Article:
It’s a little bit of a clumsy process and when you combine that with the relatively high fees, many users are reluctant to go through the process. And so the main thing we are working on right now is that KYC process information, so users, especially small users or first-time users, could go through the process automatically without any human interaction within seconds. Just like that, flawlessly.
The second thing is the fees, so we are negotiating with our payment provider to reduce our rolling reserves and thus allow us to provide highly competitive rates such as only 3% or 4% above spot for EUR and other European currencies, and a little bit more than that for dollars, because dollars have a markup as our processor is European.
David: And what do you think the most important stats are for cryptocurrency exchanges, and whenever you look at building the KPIs out around your company? I mean, obviously, you know, how much, the total money in is very important. What other stats do you look at to help shape a healthy exchange?
I think that while turnovers are important, they’re not always real.
If you take FANG (Facebook, Amazon, Netflix, Google) you have more or less empirically measured capitalization, which is calculated by the actual bids in the NYSE order book, and some profit multiplier of the company. When you take bitcoin, you take the last bid multiplied by supply. The last bid is highly inflated. the quantitative trader comes and dumps a million dollars on any prominent exchange, he causes an immediate decline of 10%. This decline is called ‘’slippage’’.
Even though for a second, it still creates the psychological effect of a declining market.
This is called ‘’manipulation.’’
As for the supply, it cannot be entirely accounted for: some of it is locked, some people lost their keys.
The same applies to exchanges: some of them implement trading bots which trade with themselves. Some of them don’t even go that far, and they just publish fake volumes. And there was a big scandal about that with PBOC (People’s Bank Of China) and OKCoin, Huobi, and other prominent Chinese exchanges, back in 2017 when the Chinese exchanges crackdown happened.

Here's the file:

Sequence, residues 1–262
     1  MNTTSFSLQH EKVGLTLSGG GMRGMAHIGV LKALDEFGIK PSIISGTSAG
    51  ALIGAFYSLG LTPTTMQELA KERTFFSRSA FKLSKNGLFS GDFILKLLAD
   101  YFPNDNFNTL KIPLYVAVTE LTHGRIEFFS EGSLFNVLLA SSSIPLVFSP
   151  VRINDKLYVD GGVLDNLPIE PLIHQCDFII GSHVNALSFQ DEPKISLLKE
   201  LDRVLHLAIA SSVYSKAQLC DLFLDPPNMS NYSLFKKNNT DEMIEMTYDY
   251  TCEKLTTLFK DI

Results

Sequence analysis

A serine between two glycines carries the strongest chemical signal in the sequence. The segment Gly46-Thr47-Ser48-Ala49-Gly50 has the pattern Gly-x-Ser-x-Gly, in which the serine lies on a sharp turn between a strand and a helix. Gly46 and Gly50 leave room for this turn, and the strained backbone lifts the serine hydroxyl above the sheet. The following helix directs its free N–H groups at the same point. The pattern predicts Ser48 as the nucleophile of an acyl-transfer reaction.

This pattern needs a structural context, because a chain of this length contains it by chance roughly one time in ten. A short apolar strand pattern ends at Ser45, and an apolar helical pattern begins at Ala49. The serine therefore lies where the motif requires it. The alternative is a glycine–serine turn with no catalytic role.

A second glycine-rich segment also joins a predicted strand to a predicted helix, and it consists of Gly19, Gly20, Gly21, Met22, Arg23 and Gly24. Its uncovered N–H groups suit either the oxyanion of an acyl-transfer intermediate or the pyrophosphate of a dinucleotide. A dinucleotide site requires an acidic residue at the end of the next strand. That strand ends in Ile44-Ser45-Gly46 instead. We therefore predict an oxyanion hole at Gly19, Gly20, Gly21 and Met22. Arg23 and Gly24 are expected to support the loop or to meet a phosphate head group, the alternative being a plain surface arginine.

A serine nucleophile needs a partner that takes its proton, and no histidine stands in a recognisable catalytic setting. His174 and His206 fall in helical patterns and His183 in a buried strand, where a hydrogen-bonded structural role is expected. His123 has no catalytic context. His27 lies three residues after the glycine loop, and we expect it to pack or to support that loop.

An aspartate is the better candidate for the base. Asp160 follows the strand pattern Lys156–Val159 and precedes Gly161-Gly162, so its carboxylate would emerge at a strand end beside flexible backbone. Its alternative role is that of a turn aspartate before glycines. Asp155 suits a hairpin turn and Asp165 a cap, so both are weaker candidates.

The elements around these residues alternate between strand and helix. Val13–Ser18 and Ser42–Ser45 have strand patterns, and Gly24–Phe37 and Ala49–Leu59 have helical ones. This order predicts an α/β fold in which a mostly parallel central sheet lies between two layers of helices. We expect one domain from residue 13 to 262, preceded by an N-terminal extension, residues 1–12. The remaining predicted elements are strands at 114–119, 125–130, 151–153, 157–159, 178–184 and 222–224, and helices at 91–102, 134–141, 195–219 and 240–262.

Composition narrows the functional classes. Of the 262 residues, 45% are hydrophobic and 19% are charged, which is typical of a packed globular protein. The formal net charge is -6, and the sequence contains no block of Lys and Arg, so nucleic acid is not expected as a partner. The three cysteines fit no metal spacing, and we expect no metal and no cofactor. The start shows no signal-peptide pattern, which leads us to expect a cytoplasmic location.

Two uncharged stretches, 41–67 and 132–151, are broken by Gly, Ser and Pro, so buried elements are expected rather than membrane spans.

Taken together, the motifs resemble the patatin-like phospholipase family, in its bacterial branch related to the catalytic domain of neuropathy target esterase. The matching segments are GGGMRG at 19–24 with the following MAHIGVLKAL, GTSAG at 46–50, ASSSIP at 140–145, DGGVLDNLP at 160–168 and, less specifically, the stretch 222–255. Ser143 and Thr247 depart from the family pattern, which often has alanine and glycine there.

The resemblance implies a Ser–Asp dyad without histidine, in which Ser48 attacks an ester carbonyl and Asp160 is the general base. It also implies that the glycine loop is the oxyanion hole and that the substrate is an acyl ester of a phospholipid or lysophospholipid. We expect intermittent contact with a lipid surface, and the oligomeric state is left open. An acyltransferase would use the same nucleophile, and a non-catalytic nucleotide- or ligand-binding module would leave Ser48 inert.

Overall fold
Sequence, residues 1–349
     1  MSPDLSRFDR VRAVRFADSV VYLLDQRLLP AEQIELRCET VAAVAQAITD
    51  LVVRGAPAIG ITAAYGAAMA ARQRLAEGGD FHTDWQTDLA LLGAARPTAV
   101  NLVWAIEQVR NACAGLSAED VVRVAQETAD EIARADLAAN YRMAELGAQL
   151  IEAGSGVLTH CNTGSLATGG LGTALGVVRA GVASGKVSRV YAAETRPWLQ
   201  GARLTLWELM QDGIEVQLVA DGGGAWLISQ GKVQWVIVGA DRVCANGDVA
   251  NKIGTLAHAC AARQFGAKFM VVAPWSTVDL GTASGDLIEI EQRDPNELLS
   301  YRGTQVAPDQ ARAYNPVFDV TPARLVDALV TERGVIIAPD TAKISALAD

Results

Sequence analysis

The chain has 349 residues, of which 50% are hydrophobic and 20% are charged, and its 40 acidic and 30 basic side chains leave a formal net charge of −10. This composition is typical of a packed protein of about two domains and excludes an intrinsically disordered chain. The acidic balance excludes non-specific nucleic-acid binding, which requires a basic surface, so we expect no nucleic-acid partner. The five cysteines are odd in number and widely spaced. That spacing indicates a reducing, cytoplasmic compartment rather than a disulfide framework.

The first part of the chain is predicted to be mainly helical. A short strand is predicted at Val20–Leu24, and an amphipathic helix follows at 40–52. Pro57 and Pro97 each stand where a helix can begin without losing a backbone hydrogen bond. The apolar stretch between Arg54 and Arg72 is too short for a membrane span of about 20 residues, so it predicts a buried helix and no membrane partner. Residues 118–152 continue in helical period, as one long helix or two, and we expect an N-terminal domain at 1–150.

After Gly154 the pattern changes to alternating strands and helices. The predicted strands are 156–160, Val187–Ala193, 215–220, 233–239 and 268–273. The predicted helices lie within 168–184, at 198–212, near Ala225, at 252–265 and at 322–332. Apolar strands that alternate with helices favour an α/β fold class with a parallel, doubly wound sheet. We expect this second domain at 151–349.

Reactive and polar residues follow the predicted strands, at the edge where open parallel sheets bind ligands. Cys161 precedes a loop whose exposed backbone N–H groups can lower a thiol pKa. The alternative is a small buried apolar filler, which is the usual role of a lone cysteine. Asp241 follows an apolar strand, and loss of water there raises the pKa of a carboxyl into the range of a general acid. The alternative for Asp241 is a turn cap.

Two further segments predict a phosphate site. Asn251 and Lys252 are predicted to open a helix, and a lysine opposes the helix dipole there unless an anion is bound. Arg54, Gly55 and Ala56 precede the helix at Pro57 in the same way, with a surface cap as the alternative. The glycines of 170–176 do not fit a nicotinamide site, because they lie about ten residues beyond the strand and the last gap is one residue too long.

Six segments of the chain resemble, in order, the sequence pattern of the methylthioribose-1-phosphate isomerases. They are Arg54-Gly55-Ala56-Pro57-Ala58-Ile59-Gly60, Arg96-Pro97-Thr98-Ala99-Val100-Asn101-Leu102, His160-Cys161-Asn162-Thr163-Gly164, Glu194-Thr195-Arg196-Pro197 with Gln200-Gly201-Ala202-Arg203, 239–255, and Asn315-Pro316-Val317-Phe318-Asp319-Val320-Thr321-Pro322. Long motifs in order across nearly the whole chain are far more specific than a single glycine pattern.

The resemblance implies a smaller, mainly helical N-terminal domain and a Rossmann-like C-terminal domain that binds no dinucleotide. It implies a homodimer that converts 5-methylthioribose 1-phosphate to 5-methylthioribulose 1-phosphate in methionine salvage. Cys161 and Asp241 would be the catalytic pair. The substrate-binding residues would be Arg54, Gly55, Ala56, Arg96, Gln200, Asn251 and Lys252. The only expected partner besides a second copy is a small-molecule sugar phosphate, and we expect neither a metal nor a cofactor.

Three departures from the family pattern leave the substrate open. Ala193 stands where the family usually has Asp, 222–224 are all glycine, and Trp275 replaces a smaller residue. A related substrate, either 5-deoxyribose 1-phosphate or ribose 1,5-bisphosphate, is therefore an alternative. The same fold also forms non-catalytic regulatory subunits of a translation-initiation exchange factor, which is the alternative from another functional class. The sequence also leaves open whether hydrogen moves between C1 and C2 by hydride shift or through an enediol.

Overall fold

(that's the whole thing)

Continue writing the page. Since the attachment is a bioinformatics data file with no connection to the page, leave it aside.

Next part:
I firmly believe that this measurement can only be taken internally, asking yourself the following question: are you cashflow positive and how much of your revenue stays on your balance sheets as profit? As is the case with any other business, it’s called ‘’the bottom line’’ for a reason.
I would like to add that we make our best efforts to not cross any moral lines and keep the business fair and straightforward.
To actually assure our users that we don’t do any manipulations, our API’s completely open, and you can see every deposit and withdrawal transaction for cryptocurrency trades.
While we don’t have a way to prove credit card deposits without compromising the user’s privacy, we still provide the withdrawal transaction details through our API for fiat purchases. So you can actually see that money came from our wallet to an external wallet of the user and this is all open for auditing by our customers and also for legal reasons. If for any reason any law authority wants to check which wallets we are sending coins to, they could see it by our API.
This is one of the things we hold most dearly: Transparency.
In short, I believe that right now we see lots of trends in cryptocurrency which are value-destroying, like tax evasion, scams, Ponzis.
I believe that for us to prevail and to create a real A-book broker and a real strong prominent blue-chip firm, we need to shift the paradigm and be value-creating. What does it mean, ‘’value-creating’’? Being transparent, auditable, preventing manipulations, paying taxes and doing all of this on a daily basis.
Be on the lookout for parts 2 and 3 of this series: How to Solve the Technical Changes in Making a Faster Cryptocurrency Exchange & What to Learn From Warren Buffett, What Not to Learn From Wells Fargo, and the Color of Japanese Candles. This is a part of the Lost Tech Interviews. Sometimes you don’t know important tech when you see it and sometimes life and tech get in the way of writing.
The Depths it Takes To Make A Thriving Cryptocurrency Exchange was originally published in Hacker Noon on Medium, where people are continuing the conversation by highlighting and responding to this story.